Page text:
Thursday, 15 October 2009

Frankfort, Kentucky

When we got to a friend’s house in the Kentucky state capital of Frankfort, they were still in Europe but due back in couple of days. They have a really nice house and it was great staying there and being able to walk into Frankfort and check things out. The first day we went for breakfast at the White Light Diner and it was definitely the best Eggs Benedict I have ever eaten.

The historic district is really nice and on the last day we went for a tour round the old capitol building which is full of fascinating architectural, arty and historical stuff including a bizarre and very rare harp piano. In the lobby there is a staircase which is beautiful as well as being an incredibly ingenious piece of engineering and you can visit the original senate and house of represenatatives complete with spittoons, ink pots, quills and copies of historical proceedings, letters and legislation from very politiclaly interetsing times! Round the corner the Kentucky Historical Society is also a fascinating trip and I finally discovered the meaning of the line in Sixteen Tons that says: ‘I owe my soul to the company store’!

However, the place where we probably spent most time in Frankfort was the truly wonderful ‘Poor Richard’ bookstore. The bookstore is arranged over two floors and there are lots of old prints and paintings filling almost all the available wall space. The second floor is crammed full of dusty old books, maps and magazines with old ceiling fans spinning delicately above.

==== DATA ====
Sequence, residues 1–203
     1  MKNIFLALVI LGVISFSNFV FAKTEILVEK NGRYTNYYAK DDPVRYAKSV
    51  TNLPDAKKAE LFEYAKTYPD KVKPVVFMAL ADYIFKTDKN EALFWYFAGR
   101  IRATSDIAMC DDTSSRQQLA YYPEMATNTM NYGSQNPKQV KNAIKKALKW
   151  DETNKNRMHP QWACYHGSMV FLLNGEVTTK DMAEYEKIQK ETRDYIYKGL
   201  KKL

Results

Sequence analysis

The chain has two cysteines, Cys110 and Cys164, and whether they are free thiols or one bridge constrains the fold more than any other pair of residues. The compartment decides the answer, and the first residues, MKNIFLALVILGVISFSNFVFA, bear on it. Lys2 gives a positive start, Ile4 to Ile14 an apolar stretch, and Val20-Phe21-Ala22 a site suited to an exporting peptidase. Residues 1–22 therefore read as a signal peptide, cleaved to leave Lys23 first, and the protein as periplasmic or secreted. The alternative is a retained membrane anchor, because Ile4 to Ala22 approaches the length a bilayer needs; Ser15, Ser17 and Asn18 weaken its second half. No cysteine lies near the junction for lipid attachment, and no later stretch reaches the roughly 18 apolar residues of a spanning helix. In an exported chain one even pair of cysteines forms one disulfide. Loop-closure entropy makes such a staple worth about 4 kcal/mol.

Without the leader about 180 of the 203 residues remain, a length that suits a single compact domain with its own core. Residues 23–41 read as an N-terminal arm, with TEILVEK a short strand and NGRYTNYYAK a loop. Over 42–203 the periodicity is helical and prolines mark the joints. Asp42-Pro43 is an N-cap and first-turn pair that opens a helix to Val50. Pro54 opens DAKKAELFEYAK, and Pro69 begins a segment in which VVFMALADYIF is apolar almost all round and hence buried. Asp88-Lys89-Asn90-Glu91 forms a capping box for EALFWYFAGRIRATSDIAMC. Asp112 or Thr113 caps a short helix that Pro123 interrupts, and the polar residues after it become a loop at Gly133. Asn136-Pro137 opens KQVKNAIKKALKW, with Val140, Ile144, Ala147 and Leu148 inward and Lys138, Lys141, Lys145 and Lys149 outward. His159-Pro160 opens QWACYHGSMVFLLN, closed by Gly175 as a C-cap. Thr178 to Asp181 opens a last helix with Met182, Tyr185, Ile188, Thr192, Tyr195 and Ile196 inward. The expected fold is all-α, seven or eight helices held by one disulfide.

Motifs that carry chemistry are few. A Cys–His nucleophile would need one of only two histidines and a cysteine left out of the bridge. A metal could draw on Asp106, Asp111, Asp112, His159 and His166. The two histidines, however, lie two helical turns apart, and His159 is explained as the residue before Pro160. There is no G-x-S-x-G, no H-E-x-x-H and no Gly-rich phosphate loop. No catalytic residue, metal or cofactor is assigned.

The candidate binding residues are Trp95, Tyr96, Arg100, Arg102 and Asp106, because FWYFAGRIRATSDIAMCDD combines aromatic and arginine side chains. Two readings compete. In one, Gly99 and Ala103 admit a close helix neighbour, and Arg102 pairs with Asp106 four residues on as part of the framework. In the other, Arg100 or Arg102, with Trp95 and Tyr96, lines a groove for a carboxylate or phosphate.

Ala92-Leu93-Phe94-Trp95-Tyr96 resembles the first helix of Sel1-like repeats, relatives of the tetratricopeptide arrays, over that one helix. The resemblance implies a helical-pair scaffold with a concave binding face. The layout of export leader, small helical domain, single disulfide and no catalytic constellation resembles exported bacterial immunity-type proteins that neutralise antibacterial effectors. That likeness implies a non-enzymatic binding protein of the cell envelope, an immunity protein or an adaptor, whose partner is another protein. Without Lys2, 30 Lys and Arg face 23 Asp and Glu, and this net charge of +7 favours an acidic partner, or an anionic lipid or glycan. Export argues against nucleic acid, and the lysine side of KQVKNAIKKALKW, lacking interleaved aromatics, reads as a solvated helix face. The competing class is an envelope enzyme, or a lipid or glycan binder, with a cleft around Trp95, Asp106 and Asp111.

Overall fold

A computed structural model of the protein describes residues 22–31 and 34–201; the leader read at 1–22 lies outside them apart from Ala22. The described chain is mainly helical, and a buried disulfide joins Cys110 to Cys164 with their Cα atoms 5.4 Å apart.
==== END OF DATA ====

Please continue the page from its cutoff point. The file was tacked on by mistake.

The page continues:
We were in there for about three hours and could have stayed longer but it was closing so we had to adjourn the Coffee Tree café next door. Discovering there was going to be live music we came back later and had a fantastic evening listening to an excellent piano, double bass and sax trio who played a very tight mix of jazz, blues and gospel. Owing to the fact that spouse and myself constituted about 50% of the audience we ended up chatting to the musicians quite a lot which was a lot fo fun. Only the bass player is a full time musician, the pianist tunes pianos for a living and the sax man is a sociology professor.

However, Kentucky is probably more famous for racehorses than anything else and it was inevitable that we would see some horses along the way so here they are….

.... apparently, it is not unusual to see rather large planes from the UAE parked up at Lexington’s rather small airport…

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